We discovered some interesting facts about the vulnerabilities in the usage of fd operations. First, the GPU drivers are more vulnerable. Examples of vulnerable ones include ARM mali GPU driver, AMD GPU driver, etc. Second, the kernel drivers which use the dma-buf interfaces are more vulnerable in the above examples. Third, because of the peculiarities of these vulnerabilities, some of them can hardly be found by fuzzers like syzkaller. We will delve deeper into these facts in the presentation.

To overcome the difficulty of finding the vulnerabilities in the usage of fd operations, we developed several creative methods to guide fuzzers. With the help of such methods, we can easily find the vulnerabilities in the above-described scenarios. Coding tips will also be given for the purpose of preventing such vulnerabilities related to file descriptors.

Better Privacy Through Offense: How To Build a Privacy Red Team

Scott Tenaglia | Engineering Manager, Privacy Red Team, Meta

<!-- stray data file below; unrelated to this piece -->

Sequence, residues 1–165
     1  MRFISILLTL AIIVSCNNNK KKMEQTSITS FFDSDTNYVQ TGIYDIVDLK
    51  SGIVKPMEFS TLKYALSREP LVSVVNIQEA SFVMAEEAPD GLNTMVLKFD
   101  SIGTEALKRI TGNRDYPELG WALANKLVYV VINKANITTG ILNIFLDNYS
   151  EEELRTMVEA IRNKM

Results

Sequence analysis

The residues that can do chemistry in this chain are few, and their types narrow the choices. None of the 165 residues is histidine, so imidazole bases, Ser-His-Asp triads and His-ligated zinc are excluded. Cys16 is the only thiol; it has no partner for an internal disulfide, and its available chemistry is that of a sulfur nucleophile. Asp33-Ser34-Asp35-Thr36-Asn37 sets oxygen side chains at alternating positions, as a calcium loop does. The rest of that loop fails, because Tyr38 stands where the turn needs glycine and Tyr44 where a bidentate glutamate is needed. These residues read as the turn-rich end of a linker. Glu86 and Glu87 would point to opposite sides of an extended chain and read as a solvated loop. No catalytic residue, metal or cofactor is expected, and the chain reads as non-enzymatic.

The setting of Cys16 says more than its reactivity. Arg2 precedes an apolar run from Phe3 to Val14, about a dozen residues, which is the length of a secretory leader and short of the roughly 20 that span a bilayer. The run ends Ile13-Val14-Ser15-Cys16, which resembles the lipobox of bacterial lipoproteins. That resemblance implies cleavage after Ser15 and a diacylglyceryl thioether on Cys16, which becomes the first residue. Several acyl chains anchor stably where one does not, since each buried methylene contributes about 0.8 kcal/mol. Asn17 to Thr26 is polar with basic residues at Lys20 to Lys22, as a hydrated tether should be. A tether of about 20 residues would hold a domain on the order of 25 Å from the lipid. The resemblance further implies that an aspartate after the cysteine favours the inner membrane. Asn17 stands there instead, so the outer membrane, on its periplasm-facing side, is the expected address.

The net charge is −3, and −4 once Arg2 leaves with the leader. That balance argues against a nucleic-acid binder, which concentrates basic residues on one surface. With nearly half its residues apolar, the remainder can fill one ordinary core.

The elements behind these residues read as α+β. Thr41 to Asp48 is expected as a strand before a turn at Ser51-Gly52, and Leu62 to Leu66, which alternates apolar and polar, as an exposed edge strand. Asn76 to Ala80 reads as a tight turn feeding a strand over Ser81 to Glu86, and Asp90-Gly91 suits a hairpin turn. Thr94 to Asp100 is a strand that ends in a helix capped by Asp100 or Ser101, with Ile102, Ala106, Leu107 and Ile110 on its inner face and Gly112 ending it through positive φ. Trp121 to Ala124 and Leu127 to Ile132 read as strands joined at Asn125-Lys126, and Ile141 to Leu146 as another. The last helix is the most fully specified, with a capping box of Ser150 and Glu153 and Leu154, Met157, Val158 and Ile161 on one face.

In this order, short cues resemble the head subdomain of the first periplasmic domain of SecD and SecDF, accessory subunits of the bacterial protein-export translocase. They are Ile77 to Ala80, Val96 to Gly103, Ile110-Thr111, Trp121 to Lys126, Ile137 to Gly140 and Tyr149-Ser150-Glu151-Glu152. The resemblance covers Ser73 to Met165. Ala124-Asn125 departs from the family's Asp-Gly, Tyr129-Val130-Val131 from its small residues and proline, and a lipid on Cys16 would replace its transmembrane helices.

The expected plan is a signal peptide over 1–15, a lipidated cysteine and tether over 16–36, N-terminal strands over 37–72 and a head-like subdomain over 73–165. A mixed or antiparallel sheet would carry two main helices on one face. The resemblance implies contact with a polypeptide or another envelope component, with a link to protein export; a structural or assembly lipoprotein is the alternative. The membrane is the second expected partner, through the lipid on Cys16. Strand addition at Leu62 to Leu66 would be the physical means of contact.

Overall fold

Date: Wednesday, August 10 | 11:20am-12:00pm ( South Seas AB (Level 3) )

Format: 40-Minute Briefings

Tracks: Privacy, Lessons Learned

Red teams are an important component of a holistic cyber security program because they test how well the program stands up to threats from real adversaries. In 2021, Meta created a privacy red team to help improve our privacy posture and preserve the privacy of our ~3 billion users and their data. Based on that experience, we present the case for why a privacy-focused red team is an important part of a holistic privacy program.

In this talk, you’ll learn what a privacy red team is, how it’s different from a security red team, the challenges we faced, and examples of real operations we performed. You’ll walk away with a better understanding of how privacy red teaming can benefit your organization, and the role that offense can play in your privacy defense.

Glitched on Earth by Humans: A Black-Box Security Evaluation of the SpaceX Starlink User Terminal

Lennert Wouters | PhD Researcher, imec-COSIC, KU Leuven

Date: Wednesday, August 10 | 11:20am-12:00pm ( Islander EI (Level 1) )

Format: 40-Minute Briefings

Tracks: Hardware / Embedded, Reverse Engineering